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Supreme Court considers award of patent legal fees

For the first time, the U.S. Supreme Court will decide whether a prevailing party in a meritless patent infringement case may be awarded legal fees. The case can impact a pending case involving Apple, Google and a Minnesota manufacturer that is also a party in this case.

A White House report found that businesses, with the sole purpose of extracting royalty revenue, threatened over 100,000 companies with patent infringement suits. Critics label these companies as patent trolls. Apple and Google have been sued several times in recent years by so-called "patent assertion" companies that turn a profit by enforcing even weaker or suspect patent rights, according to a frim with expertise in the issue.

The Supreme Court is reviewing a case involving Minnesota-based Octane Fitness, LLC, which defeated a patent suit and is seeking fees of $1.8 million. Another exercise equipment manufacturer, Icon Health & Fitness, Inc., unsuccessfully sued Octane over an elliptical machine component. Octane challenged a standard set by the Fifth Circuit U.S. Court of Appeals in 2005 allowing these fees where a suit is "objectively baseless" and "filed in bad faith." Companies claim that this standard is too high and encourages patent litigation.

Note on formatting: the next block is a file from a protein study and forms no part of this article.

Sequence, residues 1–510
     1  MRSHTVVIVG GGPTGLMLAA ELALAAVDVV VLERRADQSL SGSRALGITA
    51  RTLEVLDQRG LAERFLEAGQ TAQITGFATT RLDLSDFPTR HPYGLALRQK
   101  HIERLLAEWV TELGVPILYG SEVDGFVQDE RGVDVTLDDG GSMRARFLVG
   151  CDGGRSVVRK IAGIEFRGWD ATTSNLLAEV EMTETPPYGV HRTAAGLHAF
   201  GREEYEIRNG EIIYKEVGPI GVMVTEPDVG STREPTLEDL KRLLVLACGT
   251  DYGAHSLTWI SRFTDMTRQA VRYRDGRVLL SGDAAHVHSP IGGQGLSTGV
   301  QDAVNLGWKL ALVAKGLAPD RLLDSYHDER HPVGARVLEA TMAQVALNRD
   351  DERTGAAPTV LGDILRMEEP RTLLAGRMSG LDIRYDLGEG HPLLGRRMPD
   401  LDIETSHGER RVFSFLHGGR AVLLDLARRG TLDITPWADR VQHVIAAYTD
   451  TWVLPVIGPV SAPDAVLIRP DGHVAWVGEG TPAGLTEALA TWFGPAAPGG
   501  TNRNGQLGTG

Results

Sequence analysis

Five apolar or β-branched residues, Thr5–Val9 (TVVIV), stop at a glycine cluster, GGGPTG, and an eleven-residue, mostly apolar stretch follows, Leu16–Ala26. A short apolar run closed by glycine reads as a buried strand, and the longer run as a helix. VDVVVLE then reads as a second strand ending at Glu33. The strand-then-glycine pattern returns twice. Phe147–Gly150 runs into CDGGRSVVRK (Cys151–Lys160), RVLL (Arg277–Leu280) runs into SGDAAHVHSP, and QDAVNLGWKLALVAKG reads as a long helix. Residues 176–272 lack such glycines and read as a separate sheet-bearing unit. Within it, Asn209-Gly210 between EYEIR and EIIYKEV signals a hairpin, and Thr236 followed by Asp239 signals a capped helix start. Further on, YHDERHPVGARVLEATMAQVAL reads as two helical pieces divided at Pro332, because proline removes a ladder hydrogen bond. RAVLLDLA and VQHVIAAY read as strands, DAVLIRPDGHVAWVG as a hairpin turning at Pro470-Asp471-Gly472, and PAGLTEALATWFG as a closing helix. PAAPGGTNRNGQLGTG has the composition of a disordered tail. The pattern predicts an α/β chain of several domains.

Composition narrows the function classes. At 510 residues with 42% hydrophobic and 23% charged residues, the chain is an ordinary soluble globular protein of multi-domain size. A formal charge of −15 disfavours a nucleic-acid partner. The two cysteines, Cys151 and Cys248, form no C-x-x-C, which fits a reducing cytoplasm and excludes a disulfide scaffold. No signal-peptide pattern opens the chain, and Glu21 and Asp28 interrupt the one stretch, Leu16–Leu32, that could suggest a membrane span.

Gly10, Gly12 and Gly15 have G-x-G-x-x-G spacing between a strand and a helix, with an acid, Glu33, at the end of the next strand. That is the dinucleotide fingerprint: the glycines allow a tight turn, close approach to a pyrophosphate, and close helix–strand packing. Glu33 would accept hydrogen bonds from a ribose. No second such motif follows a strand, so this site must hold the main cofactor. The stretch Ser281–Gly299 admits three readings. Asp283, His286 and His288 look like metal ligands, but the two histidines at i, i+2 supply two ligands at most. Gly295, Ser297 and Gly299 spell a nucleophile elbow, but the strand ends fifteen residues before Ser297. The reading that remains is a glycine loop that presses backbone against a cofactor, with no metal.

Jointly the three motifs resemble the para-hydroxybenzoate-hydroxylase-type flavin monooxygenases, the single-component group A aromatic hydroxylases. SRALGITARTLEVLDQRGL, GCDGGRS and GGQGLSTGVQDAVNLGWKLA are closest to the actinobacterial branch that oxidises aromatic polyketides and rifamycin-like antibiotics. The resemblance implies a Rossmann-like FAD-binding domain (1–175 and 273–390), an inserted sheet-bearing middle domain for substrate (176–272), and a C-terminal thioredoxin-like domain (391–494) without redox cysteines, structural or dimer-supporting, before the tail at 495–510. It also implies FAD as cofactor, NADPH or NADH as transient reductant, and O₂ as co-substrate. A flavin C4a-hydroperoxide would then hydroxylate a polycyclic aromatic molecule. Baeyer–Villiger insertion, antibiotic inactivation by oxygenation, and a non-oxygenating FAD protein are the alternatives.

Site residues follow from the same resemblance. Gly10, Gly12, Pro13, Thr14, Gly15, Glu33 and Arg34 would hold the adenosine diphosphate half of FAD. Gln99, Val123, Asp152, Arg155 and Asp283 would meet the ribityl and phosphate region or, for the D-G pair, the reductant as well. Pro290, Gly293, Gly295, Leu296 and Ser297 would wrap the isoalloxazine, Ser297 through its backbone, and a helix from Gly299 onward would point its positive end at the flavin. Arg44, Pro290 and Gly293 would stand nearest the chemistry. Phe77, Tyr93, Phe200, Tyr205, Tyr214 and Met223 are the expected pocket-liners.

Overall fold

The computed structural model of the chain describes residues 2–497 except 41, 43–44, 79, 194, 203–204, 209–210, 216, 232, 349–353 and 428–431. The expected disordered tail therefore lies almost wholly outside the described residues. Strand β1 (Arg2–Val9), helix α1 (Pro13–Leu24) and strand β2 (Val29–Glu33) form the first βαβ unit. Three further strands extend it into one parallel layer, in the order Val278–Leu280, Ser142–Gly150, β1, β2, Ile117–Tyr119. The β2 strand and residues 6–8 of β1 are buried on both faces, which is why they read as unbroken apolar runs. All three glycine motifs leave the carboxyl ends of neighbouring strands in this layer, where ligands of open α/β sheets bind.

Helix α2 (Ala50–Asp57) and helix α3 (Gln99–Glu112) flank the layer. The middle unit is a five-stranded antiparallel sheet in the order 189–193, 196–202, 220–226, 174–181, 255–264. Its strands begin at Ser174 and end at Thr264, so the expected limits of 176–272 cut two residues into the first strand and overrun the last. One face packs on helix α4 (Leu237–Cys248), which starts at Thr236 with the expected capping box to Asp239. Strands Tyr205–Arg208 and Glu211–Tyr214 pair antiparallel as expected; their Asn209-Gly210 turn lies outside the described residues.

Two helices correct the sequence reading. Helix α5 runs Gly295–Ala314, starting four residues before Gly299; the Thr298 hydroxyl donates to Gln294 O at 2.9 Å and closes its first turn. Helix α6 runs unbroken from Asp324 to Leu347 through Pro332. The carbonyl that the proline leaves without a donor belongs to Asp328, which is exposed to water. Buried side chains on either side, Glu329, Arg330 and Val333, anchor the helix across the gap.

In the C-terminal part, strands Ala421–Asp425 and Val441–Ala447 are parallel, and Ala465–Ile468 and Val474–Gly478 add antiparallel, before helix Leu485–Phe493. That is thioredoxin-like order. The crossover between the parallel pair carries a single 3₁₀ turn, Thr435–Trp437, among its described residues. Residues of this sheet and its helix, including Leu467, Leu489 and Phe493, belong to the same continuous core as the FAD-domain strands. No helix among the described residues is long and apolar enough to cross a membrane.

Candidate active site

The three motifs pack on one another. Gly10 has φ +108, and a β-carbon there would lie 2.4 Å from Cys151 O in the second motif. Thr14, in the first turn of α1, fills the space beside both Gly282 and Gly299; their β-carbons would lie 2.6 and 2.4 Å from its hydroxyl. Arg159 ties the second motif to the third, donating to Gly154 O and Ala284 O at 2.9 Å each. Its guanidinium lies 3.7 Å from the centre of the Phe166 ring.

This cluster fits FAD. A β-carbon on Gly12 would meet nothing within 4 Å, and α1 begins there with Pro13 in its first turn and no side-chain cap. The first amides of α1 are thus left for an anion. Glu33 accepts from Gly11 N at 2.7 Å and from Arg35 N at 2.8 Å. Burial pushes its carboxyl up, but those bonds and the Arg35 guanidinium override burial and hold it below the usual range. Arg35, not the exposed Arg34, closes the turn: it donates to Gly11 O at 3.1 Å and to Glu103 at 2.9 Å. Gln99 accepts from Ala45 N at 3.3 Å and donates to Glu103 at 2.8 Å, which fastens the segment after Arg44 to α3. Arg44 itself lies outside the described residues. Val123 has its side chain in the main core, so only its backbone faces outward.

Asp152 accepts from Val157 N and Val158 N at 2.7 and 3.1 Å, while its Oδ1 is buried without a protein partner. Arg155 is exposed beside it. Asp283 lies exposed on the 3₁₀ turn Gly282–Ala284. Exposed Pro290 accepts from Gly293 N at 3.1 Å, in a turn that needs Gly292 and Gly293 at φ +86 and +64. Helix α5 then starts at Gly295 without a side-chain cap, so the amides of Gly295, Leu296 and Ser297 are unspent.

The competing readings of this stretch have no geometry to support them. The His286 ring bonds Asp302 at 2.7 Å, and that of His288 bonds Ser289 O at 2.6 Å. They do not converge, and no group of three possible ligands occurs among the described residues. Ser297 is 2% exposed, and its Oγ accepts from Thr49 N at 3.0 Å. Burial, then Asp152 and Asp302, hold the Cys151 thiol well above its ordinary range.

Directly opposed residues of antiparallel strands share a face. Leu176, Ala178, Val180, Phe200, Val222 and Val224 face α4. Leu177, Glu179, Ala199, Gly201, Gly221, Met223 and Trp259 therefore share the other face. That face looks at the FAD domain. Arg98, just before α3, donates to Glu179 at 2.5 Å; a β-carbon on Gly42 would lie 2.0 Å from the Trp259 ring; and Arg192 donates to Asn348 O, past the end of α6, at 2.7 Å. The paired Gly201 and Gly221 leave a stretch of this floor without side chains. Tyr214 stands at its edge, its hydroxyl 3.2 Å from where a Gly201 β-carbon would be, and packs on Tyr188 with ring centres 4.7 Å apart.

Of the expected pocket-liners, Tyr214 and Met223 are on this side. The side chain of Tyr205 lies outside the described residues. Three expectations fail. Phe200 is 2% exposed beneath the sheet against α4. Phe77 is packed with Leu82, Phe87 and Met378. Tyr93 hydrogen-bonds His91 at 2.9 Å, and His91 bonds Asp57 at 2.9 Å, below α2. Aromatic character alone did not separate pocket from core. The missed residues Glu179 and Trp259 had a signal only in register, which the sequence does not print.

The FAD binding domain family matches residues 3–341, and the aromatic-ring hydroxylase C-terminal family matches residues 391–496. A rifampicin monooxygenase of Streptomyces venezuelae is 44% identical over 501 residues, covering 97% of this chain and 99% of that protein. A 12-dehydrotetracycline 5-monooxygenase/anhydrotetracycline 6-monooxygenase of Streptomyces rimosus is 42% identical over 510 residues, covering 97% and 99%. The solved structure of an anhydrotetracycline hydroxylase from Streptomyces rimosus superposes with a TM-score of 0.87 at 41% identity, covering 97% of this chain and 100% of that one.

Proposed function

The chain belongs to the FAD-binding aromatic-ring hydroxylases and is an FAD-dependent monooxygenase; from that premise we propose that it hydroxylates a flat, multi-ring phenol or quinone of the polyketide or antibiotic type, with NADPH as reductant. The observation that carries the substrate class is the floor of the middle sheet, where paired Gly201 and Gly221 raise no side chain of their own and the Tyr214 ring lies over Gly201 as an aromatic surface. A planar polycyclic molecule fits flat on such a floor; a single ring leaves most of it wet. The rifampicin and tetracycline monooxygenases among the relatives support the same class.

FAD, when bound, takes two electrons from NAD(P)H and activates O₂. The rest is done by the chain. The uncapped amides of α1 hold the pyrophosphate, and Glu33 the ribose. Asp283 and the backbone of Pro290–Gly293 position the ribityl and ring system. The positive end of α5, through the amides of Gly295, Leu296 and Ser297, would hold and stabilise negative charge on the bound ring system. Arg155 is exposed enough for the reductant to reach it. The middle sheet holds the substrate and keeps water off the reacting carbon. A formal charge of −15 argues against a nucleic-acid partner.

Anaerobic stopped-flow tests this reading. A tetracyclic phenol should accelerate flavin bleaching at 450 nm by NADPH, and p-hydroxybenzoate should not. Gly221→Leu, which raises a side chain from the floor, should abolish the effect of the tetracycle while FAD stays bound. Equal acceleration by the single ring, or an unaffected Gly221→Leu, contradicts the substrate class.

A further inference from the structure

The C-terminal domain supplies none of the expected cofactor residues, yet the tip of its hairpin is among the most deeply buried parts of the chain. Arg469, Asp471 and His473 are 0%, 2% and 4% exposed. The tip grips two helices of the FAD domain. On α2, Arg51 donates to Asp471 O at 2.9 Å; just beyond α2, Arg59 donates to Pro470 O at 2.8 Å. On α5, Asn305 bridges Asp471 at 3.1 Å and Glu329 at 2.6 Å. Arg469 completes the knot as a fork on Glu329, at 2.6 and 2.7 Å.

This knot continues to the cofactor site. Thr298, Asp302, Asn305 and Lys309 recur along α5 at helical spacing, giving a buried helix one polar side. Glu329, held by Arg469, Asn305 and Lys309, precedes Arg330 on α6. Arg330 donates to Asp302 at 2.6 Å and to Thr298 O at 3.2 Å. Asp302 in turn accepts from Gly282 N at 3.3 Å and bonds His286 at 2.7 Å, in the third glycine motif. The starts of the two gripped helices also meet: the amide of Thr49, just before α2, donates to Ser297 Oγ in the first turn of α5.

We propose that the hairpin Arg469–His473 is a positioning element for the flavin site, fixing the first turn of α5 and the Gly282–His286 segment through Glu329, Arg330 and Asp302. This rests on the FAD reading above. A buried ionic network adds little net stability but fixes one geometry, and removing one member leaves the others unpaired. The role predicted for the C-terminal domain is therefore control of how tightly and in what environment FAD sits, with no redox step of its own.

The Justices are examining the U.S. Patent Office standard allowing fees in exceptional cases. During the Feb 26 oral argument, Justice Stephen Breyer said that weak patent owners take advantage of high litigation costs in these business disputes to extract cheap and easy settlements under the current standard but that describing a new precise standard is challenging. Justice Antonin Scalia, however, stated that large businesses can engage in unfair competition by using their patents to force smaller competitors out of a market.

Federal law does allow the imposition of sanctions for filing a frivolous lawsuit. Legislation was also introduced in Congress that would compel the losing party in this type of litigation to pay fees to the prevailing party unless the court determines that doing so would be unfair.

Regardless of the outcome of this precedent setting case, it will have a significant impact in intellectual property disputes and govern the filing and resolution of these cases. Companies will need guidance both on patents and legal challenges to those patents.

Source: Saint Louis Post-Dispatch, "Patent fees weighed in Supreme Court case watched by Apple," Susan Decker and Greg Stohr, Feb. 26, 2014

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